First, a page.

Was Timothy to be a partaker of afflictions? Yes, but would there not be deliverance from the sense of them? No; he was to be a partaker of afflictions that may be felt as a man, but “according to the power of God.”
This is not to say that we should not feel the pressure of sorrow and weakness. Paul had a “thorn in the flesh” (2 Cor. 12), and did he not feel it? Yes, he felt it daily, and it was as “the messenger of Satan to buffet” him. And what did he say? “Most gladly therefore will I rather glory in my infirmities [in those things in which I am sensibly weak], that the power of Christ may rest upon me” (2 Cor. 12:99And he said unto me, My grace is sufficient for thee: for my strength is made perfect in weakness. Most gladly therefore will I rather glory in my infirmities, that the power of Christ may rest upon me. (2 Corinthians 12:9)). The power of God coming in on our side does not lessen the feeling to us, but we cast all our “care upon Him, for He careth for” us. Not that at the very moment we refer it to God, we shall always get an answer. Daniel had to wait three full weeks for an answer from God, but from the first day that he set his heart to understand and to chasten himself before his God, his words were heard (Dan. 10). With us the first thing often is to think about the thing and begin to work in our own minds before we go to God. There was none of this in Christ. “At that time, Jesus answered and said, I thank Thee, O Father” (Matt. 11). We weary ourselves in the greatness of our way.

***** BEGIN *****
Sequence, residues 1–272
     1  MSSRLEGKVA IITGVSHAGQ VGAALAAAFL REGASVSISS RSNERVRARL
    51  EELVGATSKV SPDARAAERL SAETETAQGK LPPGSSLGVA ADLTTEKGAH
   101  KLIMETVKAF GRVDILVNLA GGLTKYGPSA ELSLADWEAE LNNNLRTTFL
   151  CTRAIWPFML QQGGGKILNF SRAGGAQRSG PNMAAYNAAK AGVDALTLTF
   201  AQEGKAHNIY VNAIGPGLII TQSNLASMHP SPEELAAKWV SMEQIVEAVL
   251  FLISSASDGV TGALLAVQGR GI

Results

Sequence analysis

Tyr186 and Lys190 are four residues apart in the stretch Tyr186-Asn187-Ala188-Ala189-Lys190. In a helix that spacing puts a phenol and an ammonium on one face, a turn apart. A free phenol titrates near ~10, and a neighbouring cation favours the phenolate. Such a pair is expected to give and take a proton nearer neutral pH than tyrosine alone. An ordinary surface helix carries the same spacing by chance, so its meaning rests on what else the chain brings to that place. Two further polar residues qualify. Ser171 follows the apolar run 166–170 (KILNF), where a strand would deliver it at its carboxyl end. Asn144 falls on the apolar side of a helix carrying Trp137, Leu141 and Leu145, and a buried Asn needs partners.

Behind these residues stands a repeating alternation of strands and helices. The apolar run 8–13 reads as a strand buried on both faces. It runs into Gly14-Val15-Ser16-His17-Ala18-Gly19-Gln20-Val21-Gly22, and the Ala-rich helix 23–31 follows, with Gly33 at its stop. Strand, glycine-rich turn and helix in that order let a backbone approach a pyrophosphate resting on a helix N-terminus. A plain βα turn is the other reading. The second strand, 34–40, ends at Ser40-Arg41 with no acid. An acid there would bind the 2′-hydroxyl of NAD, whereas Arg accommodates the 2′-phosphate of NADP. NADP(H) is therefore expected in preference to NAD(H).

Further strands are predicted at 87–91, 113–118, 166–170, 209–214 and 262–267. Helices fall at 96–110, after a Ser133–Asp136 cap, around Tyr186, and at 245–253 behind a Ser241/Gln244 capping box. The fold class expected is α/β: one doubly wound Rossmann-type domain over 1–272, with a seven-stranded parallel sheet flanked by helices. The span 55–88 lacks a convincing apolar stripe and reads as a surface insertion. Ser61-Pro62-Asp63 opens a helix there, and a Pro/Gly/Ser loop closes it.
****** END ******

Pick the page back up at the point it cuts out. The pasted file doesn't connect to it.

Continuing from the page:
That is easily said, but are we not to be careful about the state of the church, or about the pressure of a family? No, we are to “be careful for nothing.” Whatever produces a care in us, produces God’s care for us; therefore, “be careful for nothing; but in everything by prayer and supplication with thanksgiving let your requests be made known unto God” (Phil. 4:66Be careful for nothing; but in every thing by prayer and supplication with thanksgiving let your requests be made known unto God. (Philippians 4:6)). In this way “the peace of God, which passeth all understanding, shall keep your hearts and minds through Christ Jesus” (Phil. 4:77And the peace of God, which passeth all understanding, shall keep your hearts and minds through Christ Jesus. (Philippians 4:7)). Notice, it is not that your hearts shall keep the peace of God, but the peace in which God Himself is — His peace, the unmoved stability of all God’s thoughts — shall keep your hearts.
Further, when we are not anxious, the mind is set free; with the peace of God keeping the heart, God sets the soul thinking on happy things. “Whatsoever things are true, whatsoever things are honest... just... pure... lovely... of good report; if there be any virtue, and if there be any praise, think on these things. Those things, which ye have both learned, and received, and heard, and seen in me, do: and the God of peace shall be with you” (Phil. 4:8-98Finally, brethren, whatsoever things are true, whatsoever things are honest, whatsoever things are just, whatsoever things are pure, whatsoever things are lovely, whatsoever things are of good report; if there be any virtue, and if there be any praise, think on these things. 9Those things, which ye have both learned, and received, and heard, and seen in me, do: and the God of peace shall be with you. (Philippians 4:8‑9)). God is there the companion of the soul, not merely “the peace of God,” but “the God of peace.”
When the soul is cast upon God, the Lord is with the soul in the trial, and the mind is kept perfectly calm.
J. N. Darby (adapted)